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    Essays in Honour of Ama Ata Aidoo At 70 A Reader in African Cultural Studies

    ISBN-10: 0956930700
    ISBN-13: 9780956930705
    Author(s): Anne V. Adams, Ama Ata Aidoo
    Description: This title pays tribute to Ama Ata Aidoo through a broad spectrum of articles and personal memoirs from scholars of different generations and from other literary artists.
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    Publisher: Ayebia Clarke Publishing, Limited
    Binding: Paperback
    Pages: 532
    Size: 6.00" wide x 9.50" long x 1.75" tall
    Weight: 1.738
    Language: English

    This title pays tribute to Ama Ata Aidoo through a broad spectrum of articles and personal memoirs from scholars of different generations and from other literary artists.

    Born near Dominase, in central Ghana, Aidoo is today the leading Ghanaian writer. She was the daughter of a chief and grew p in a royal family. Educated at the University of Ghana at Legon, where she graduated in 1964 with a B.A. in English, Aidoo worked as a Research Fellow at the Institute of African Studies in Legon. Ghana's gaining its independence in 1965 greatly influenced Aidoo. Her writings reveal her interest in the historical events that have shaped her country. She believes that the status of women in Africa and the struggle for women's liberation cannot be distinct from the nation's struggles. She made her debut as writer with a short story, "No Sweetness Here" (1965). The story had previously won a prize in a short-story competition. This story provides the title of Aidoo's first collection of stories. Aidoo is better known as a playwright, and her two earliest plays, Anowa (first published in 1970) and The Dilemma of a Ghost (first published in 1965) remain popular. Aidoo has taught in several parts of Africa as well as the United States. She now lives and teaches in Harare, Zimbabwe.

    Libation for Ama Ata Aidoo
    Introduction: "Someone Should Lend Me a Tongue"
    Foreword: An Open Letter to Ama Ata Aidoo
    �That is the story I am telling you. I am taking you to bird town, so I can't understand why you insist on searching for eggs from the suburb!" (From: No Sweetness Here)
    Three Female Writers in Modern Africa: Flora Nwapa, Ama Ata Aidoo and Grace Ogot
    A Conversation: Ama Ata Aidoo with Micere Githae Mugo
    "Because surely in our environment there are more important things to write about?" (From: Changes)
    The Amistad's Legacy: Reflections on the Spaces of Colonisation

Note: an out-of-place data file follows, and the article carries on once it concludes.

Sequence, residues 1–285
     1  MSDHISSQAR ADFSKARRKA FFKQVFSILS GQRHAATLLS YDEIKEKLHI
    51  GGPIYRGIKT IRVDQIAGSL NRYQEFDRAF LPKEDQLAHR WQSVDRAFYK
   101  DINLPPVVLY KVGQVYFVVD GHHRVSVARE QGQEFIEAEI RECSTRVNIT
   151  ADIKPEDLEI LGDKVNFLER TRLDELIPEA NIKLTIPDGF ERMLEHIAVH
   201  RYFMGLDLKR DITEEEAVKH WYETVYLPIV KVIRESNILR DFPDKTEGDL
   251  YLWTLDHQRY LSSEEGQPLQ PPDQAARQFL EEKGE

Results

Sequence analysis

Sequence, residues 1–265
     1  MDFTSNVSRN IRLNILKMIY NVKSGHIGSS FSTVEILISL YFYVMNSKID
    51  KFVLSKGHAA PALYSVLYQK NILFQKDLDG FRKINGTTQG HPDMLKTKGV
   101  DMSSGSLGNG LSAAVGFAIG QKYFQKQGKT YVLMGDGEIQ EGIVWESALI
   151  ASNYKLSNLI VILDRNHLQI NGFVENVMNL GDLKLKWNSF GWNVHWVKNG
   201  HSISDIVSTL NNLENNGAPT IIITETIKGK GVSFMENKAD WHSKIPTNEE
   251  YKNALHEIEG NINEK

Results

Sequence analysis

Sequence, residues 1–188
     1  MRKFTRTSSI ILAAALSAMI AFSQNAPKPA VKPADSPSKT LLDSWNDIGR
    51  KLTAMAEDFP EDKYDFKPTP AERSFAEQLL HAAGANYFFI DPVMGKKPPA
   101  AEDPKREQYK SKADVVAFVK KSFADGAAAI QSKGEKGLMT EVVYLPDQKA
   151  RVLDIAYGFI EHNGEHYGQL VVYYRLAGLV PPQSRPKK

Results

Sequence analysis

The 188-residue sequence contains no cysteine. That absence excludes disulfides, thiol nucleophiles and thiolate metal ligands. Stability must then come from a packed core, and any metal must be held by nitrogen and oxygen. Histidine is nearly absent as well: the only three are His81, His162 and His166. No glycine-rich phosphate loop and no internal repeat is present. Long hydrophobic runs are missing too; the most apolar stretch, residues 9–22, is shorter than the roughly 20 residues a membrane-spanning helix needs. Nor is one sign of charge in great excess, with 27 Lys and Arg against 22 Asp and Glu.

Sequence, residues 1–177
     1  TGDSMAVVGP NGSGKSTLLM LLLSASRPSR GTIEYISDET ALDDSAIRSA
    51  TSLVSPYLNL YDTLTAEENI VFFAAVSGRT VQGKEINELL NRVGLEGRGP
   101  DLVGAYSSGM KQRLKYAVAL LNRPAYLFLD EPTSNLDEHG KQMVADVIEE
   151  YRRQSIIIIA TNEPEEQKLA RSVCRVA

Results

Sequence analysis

Radical, Comparative Postcolonialism and the Contemporary Crisis of Disciplinary Identities: Outline of a Prolegomenon
    Literary Visions of a 21st Century Africa: A Note on the Pan African Ideal in Ghanaian Literature
    Writing for the Child in a Fractured World
    Who is an African?
    The Longevity of Whiteness and Ama Ata Aidoo's Our Sister Killjoy
    Psychoanalysis, Gender and Narratives of Women's Friendships in Ama Ata Aidoo's Writing
    Teaching Aidoo: Theorising via Creative Writing
    "Every woman and every man should be a feminist - especially if they believe that Africans should take charge of our land, its wealth, our lives, and the burden of our own development." (From: "Literature, Feminism and the African Woman Today")p147
    Nervous Masculinities: Male Characters in Ama Ata Aidoo's Changes
    Gendering Commodity Relations in Ama Ata Aidoo's Changes: A Love Story
    African Women and Power: Ama Ata Aidoo's Essays "To Be a Woman" and 'The African Woman Today"
    She-Kings in the Trinity of Being: The Budding Girl-Child in Ama Ata Aidoo's Short Stories
    Black Women of a Certain Age, Power and Presence: Ama Ata Aidoo's and Toni Morrison's
    Towards Alternative Representations of Women in African Cultural Products
    Ties that Bound: Slave Concubines/Wives and the End of Slavery in the Gold Coast, c.1874-1900
    "[A] mixture of complete sweetness and smoky roughage. … Oh, Africa. Crazy old continent…" (From: Our Sister Killjoy)
    A Historical Case Study of a Slave Girl in Asante Mampong
    Anowa, Paradoxical Queenmother of the Diaspora
    The Call to the Priesthood and Other Stories in Ama Ata Aidoo's Anowa
    Yesterday's Quarrels and Today's Playmates: Peacemaking and the Proverbial Wisdom of Africa
    Not Just for Children Anymore: Aidoo's The Eagle and the Chickens and Questions of Identity
    Someone Talking to Sometime: A Dialogue Across Time and Space
    'Tribal Scars" on the Body of "The Girl Who Can": The Imperative of African Social and Cultural Self-Redemption in the Short Stories of Aidoo and Semb�ne
    Mfantse Meets English: Interpretations of Ama Ata Aidoo's Multilingual Idiom
    Disobedient Subversions: Anowa's Unending Quest
    African Theatre and the Menace of Transition: Radical Transformations in Popular Entertainment
    Emerging Issues from Big Brother Africa 5: Reflections on Reality TV, the Celebrity Status and Gender
    Mac Tontoh: The Saga of a Broken Trumpet
    "So as for this woman e be She-King" (From: The Girl Who Can and Other Stories) Tributes
    For the Eagle Who Taught the Chickens the Meaning of Flight
    In Praise of Ama Ata Aidoo's Novel, Changes
    Ama Ata Aidoo: Whose Dilemma Could It Be?
    Marginal Notes: The Mbaasem/Daily Graphic Writers' Page
    Reminiscences from Exile
    AAA - The Mind Reader and the Reading Mind
    Ama Ata Aidoo: A Personal Celebration
    Reference Documents on the Life and Work of Ama Ata Aidoo
    A Bibliography of Writing by and on Ama Ata Aidoo: A Compilation in Progress
    Chronology of the First Seventy Years in the Life of Ama Ata Aidoo
    Notes on Contributors

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